Letter from New Orleans

Thomai Hatsios brings this to my attention, a letter from Jordan Flaherty:

I just left New Orleans a couple hours ago. I traveled from the apartment I
was staying in by boat to a helicopter to a refugee camp. If anyone wants
to examine the attitude of federal and state officials towards the victims
of hurricane Katrina, I advise you to visit one of the refugee camps.

In the refugee camp I just left, on the I-10 freeway near Causeway,
thousands of people (at least 90% black and poor) stood and squatted in mud
and trash behind metal barricades, under an unforgiving sun, with heavily
armed soldiers standing guard over them. When a bus would come through, it
would stop at a random spot, state police would open a gap in one of the
barricades, and people would rush for the bus, with no information given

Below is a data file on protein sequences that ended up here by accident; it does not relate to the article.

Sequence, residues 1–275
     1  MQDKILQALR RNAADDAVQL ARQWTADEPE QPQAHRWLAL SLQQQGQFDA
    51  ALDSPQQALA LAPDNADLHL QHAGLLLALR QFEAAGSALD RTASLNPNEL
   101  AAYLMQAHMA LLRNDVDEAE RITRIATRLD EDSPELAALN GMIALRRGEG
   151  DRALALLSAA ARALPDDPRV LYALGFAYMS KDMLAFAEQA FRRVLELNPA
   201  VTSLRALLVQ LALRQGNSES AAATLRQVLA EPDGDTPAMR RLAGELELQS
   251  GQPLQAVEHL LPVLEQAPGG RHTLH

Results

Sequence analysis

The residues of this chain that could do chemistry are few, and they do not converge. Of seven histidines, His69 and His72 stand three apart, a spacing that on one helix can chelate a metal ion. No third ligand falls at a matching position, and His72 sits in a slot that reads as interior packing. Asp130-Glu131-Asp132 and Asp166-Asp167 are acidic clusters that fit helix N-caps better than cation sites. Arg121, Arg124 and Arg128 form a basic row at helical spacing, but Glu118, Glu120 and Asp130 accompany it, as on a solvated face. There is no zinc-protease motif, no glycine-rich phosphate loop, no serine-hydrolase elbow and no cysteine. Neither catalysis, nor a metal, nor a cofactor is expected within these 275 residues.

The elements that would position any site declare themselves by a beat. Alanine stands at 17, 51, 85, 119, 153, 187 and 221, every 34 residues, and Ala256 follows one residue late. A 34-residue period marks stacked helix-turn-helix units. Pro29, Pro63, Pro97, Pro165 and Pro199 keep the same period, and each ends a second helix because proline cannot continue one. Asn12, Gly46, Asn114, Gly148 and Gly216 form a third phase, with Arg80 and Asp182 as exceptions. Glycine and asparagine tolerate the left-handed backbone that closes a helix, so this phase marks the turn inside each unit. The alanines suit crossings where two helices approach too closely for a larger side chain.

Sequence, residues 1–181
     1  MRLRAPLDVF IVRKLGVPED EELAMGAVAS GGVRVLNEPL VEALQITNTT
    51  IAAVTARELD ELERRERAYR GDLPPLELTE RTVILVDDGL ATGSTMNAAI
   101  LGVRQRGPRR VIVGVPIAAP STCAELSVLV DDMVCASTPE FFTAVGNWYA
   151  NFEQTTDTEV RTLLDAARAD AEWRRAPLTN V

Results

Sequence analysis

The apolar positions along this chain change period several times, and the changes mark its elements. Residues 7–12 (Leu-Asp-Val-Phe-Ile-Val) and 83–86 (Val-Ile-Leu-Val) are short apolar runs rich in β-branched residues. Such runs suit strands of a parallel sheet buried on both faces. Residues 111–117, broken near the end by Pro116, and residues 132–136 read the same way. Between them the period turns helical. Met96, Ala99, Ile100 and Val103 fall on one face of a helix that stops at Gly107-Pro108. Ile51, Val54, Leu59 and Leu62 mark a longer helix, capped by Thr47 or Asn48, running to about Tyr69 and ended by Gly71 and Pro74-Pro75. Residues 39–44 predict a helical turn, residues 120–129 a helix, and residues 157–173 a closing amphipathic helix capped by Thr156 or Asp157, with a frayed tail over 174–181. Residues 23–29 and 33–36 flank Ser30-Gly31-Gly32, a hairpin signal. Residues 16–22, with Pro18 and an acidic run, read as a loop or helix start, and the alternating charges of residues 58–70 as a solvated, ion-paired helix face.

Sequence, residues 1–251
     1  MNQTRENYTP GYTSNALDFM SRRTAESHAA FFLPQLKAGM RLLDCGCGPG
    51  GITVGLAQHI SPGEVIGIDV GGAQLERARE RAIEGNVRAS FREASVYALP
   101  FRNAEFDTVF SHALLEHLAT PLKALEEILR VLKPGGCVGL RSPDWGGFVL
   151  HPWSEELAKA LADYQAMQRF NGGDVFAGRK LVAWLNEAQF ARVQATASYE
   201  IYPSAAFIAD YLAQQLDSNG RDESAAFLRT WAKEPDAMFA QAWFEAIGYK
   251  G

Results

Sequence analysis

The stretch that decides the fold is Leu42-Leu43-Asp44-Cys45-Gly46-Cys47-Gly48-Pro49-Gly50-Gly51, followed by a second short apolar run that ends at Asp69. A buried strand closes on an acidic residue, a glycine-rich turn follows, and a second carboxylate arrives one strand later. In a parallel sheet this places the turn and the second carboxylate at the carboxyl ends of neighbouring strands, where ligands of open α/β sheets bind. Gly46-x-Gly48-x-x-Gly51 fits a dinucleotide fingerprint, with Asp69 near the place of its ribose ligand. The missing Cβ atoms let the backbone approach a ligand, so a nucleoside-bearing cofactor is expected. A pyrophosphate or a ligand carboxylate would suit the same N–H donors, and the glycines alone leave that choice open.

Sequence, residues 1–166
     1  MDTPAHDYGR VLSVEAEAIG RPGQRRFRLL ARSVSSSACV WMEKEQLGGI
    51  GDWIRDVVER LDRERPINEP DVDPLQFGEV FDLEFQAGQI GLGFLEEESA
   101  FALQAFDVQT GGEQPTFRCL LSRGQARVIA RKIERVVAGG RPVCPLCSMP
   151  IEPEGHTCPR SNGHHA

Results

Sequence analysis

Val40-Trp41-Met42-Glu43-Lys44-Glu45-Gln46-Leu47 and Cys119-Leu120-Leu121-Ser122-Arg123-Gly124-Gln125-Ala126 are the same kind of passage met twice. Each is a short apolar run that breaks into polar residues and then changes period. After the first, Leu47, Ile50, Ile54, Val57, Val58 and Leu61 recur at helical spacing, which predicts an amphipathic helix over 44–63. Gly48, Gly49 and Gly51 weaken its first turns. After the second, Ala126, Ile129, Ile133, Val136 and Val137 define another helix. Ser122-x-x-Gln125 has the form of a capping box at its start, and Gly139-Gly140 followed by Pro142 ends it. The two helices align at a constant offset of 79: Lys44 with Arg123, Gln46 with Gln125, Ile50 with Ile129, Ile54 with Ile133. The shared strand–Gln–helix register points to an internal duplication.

about where the bus was going. Once inside (we were told) evacuees would be
told where the bus was taking them – Baton Rouge, Houston, Arkansas, Dallas,
or other locations. I was told that if you boarded a bus bound for Arkansas
(for example), even people with family and a place to stay in Baton Rouge
would not be allowed to get out of the bus as it passed through Baton Rouge.
You had no choice but to go to the shelter in Arkansas. If you had people
willing to come to New Orleans to pick you up, they could not come within 17
miles of the camp.

I traveled throughout the camp and spoke to Red Cross workers, Salvation
Army workers, National Guard, and state police, and although they were
friendly, no one could give me any details on when buses would arrive, how
many, where they would go to, or any other information. I spoke to the
several teams of journalists nearby, and asked if any of them had been able
to get any information from any federal or state officials on any of these
questions, and all of them, from Australian tv to local Fox affiliates
complained of an unorganized, non-communicative, mess. One cameraman told
me “as someone who’s been here in this camp for two days, the only
information I can give you is this: get out by nightfall. You don’t want to
be here at night.”

More here.  [Thanks, Thomai.]